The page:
Title

Effectiveness of Short-term Medical Missions on Chronic Disease in Underserved Communities

Document Type

Peer-Reviewed Article

Publication Date

2020

Abstract

A retrospective chart review study was conducted to evaluate health outcomes after a nurse-led short-term medical mission group provided free health care in four communities in Kingston, Jamaica over a four-year period. Participants were adult patients who had visited short-term medical mission clinics at least twice and were diagnosed with hypertension and/or diabetes. Blood pressure (BP) and blood sugar (BS) results along with factors including adherence and control per guidelines were analyzed using descriptive, t-tests and chi-square analysis. The data revealed that overall BP and BS measurements trended down, and there was a significant decrease in BP in patients with uncontrolled hypertension at the first visit. Medication adherence between the visits and gender had a statistically significant impact on BP and BS control. Outcomes suggest short-term medical missions are an effective model to address hypertension and diabetes in developing countries when using a sustainable approach.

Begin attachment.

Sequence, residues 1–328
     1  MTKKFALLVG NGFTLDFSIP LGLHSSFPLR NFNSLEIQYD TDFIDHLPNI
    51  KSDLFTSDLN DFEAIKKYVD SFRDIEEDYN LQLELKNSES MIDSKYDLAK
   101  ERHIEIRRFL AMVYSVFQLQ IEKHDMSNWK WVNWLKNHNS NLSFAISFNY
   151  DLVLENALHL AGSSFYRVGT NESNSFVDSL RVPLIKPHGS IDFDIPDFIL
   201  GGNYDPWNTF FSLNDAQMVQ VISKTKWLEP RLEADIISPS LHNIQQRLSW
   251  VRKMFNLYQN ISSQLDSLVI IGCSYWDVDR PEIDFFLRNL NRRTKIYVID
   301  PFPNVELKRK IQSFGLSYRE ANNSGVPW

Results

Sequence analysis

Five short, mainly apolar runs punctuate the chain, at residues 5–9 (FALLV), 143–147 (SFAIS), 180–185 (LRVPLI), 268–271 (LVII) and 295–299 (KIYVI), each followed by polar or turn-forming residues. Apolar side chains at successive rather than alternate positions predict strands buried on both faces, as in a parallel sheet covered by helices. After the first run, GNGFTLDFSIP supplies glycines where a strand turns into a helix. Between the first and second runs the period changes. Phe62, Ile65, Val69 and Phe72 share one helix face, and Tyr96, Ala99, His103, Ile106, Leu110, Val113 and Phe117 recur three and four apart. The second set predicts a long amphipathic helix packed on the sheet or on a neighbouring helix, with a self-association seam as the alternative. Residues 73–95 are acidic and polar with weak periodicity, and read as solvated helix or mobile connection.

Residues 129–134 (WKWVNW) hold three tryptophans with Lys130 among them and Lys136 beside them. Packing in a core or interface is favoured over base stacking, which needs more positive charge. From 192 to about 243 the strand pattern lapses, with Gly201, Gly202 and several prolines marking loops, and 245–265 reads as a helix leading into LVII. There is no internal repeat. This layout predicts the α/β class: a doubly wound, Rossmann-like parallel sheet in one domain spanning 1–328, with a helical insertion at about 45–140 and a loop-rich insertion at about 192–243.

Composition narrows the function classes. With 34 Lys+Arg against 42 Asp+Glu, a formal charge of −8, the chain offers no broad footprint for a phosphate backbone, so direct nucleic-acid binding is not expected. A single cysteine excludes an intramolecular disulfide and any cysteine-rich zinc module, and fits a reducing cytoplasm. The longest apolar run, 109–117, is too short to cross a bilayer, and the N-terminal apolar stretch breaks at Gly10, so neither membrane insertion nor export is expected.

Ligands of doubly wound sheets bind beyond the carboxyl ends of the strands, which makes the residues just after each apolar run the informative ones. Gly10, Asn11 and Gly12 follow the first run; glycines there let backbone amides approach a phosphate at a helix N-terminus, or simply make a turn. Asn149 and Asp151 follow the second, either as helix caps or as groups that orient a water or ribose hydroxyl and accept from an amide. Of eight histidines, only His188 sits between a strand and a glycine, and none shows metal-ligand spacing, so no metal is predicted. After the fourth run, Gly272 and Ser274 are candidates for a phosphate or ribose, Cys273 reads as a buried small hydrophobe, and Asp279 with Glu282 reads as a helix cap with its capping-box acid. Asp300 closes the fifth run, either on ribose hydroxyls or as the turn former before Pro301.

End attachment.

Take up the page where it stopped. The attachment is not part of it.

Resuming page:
Comments

This work was supported by the Sacred Heart University Research/Creative Grant.

DOI

10.1177/0193945920944809

PMID

32698699

Publication

Western Journal of Nursing Research

Publisher

SAGE Journals


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